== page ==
The growing and gardening season is upon us – so how can we be as nature-friendly as possible this year? A brilliant tool on the RSPB website asks just 3 questions and produces your own personal plan for helping nature where you live. Try it out – and let us know how you get on!
The RSPB recommends mowing less to encourage wildlife, with one suggestion being to mow in late March or early April, and not again until late autumn.
Spring 2020 lockdown saw council mowers and strimmers kept in storage across Wales, with the effect that birds, bees, butterflies and insects appeared in areas of long grass and wildflower that aren’t normally there. The charity Plantlife’s campaign “Every Flower Counts” urged people to adopt “No Mow May” and leave their lawns long during this important month for pollinators. The National Trust added to the call, suggesting that people create a “Scaremow”.
On May 26th 2020 – World Bee Day – Monmouth was named as the world’s first Bee Town. A 2019 campaign called “Nature Isn’t Neat” raised awareness of the importance of wild grasses and prolific wildflowers (aka weeds!) for pollinators and the wider ecosystem. Monmouth town council, Monmouthshire county council and international charity Bees for Development, with funding from Welsh government and the EU, successfully educated and encouraged local residents to change their approach to gardening and their expectations of public spaces, leading to the town’s new bee-friendly status.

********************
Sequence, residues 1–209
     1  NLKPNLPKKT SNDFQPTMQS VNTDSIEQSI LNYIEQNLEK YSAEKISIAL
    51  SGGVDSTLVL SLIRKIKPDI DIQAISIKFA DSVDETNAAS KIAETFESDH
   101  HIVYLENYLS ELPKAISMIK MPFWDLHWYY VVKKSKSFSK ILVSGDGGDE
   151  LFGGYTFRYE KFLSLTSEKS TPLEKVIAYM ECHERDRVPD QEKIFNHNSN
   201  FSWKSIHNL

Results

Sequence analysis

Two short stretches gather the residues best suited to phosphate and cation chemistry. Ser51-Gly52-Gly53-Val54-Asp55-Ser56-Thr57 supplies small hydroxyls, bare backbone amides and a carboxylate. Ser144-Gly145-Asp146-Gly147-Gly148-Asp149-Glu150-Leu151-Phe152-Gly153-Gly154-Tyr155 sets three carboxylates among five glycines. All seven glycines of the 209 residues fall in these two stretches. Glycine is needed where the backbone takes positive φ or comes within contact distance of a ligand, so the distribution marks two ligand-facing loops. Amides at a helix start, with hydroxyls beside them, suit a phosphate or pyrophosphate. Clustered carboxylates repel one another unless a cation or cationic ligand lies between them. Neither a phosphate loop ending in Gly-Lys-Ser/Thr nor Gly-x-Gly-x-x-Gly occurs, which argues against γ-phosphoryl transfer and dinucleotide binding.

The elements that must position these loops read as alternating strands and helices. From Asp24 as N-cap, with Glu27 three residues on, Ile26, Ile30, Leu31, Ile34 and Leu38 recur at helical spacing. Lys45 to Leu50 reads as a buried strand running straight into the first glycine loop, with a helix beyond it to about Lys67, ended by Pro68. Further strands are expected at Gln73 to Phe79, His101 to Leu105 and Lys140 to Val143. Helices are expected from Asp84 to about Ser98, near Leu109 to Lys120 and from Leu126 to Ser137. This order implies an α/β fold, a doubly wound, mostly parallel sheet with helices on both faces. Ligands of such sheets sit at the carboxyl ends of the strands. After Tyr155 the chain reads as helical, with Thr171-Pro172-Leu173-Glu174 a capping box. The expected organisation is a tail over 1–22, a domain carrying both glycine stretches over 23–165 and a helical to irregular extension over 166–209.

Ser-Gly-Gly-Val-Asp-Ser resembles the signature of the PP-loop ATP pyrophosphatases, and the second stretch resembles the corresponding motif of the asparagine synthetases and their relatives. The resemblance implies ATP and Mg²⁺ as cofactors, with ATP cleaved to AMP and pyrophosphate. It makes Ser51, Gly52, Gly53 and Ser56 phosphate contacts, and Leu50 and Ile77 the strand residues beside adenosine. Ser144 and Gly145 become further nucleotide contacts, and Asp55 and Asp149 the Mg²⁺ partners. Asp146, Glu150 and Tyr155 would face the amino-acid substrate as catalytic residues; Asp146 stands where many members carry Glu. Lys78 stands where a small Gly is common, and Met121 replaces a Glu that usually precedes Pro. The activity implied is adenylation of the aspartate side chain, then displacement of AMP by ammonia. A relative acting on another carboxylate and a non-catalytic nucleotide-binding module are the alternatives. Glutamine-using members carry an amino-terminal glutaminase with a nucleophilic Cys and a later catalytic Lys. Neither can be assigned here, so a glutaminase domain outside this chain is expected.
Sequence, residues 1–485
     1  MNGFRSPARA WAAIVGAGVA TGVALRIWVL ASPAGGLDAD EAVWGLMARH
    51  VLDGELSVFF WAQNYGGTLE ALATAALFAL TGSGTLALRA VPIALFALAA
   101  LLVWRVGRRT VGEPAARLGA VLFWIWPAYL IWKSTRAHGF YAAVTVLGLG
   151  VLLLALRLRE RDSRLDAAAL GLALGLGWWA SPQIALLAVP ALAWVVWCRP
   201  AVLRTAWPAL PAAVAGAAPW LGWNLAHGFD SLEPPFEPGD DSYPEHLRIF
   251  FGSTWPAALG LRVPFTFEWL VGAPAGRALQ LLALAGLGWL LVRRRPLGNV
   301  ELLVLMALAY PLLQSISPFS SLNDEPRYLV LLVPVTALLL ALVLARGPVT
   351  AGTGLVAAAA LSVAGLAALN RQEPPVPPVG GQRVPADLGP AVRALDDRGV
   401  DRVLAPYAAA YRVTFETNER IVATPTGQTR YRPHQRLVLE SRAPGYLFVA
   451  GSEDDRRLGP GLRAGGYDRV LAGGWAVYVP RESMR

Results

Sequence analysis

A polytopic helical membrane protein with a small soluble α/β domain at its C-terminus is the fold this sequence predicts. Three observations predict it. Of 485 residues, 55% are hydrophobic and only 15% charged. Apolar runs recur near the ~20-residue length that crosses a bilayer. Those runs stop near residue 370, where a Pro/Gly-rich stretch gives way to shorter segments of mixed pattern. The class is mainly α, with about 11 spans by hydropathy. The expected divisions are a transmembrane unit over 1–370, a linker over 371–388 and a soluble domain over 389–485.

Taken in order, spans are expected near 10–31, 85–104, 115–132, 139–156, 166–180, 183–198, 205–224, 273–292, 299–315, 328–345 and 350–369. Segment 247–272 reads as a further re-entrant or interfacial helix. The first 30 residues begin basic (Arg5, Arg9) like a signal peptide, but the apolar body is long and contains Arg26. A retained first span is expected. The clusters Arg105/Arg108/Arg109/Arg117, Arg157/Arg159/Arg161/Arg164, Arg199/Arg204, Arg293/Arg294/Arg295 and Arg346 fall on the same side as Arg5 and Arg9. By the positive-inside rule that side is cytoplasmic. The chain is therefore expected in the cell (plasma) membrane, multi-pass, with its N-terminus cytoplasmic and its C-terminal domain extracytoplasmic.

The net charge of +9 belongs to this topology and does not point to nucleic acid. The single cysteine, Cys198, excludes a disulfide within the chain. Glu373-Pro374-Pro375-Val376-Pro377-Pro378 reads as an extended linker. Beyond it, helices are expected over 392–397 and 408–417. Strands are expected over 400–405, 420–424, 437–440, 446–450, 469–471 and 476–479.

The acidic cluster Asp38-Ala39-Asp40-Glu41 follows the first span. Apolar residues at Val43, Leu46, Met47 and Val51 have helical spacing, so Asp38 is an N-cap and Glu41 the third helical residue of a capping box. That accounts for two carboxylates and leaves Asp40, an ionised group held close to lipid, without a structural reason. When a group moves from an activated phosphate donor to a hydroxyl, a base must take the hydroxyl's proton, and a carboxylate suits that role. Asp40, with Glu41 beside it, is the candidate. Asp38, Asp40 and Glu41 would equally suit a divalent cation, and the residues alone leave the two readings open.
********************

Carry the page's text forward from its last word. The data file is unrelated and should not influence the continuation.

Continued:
On May 29th 2020, Caerphilly council announced that grass cutting would be kept to a minimum, with cutting only occurring where necessary for road safety and only 1m from the kerb. The news was welcomed by residents who had been upset about an announcement in late March that the council was keen to resume cutting. On the same day, Denbighshire council announced dramatic changes to their grass cutting regimes, with Plantlife welcoming their approach. 21 “bee friendly” sites were earmarked for special signage to reassure onlookers that the growth is deliberate.
Similar signs are suggested by the movement www.wearetheark.org. Areas left to grow naturally as “Acts of Restorative Kindness” are often decried by neighbours as messy and unkempt; a small sign stating the purpose of the site can help overcome any embarrassment about embracing nature-friendly gardening.
THINGS YOU CAN DO to address the ecological emergency of pollinator decline:
- Encourage neighbours and family members to join you in a No Mow May.
- Plant some pollinator-friendly, nectar-rich, flowers. Cornflowers, alyssum, nasturtiums and Californian poppies are all popular with bees and other helpful insects, maturing from seed to flower in 60-70 days.
- Contact Friends of the Earth for a great Bee Saver Kit in return for a minimum donation of just £5, including seeds, a garden planner, a bee spotter guide and other goodies.
- Get your personal plan of 6 nature-helping activities from RSPB.
- Join our mailing list below for news and updates on how we are supporting bees and biodiversity here in Swansea.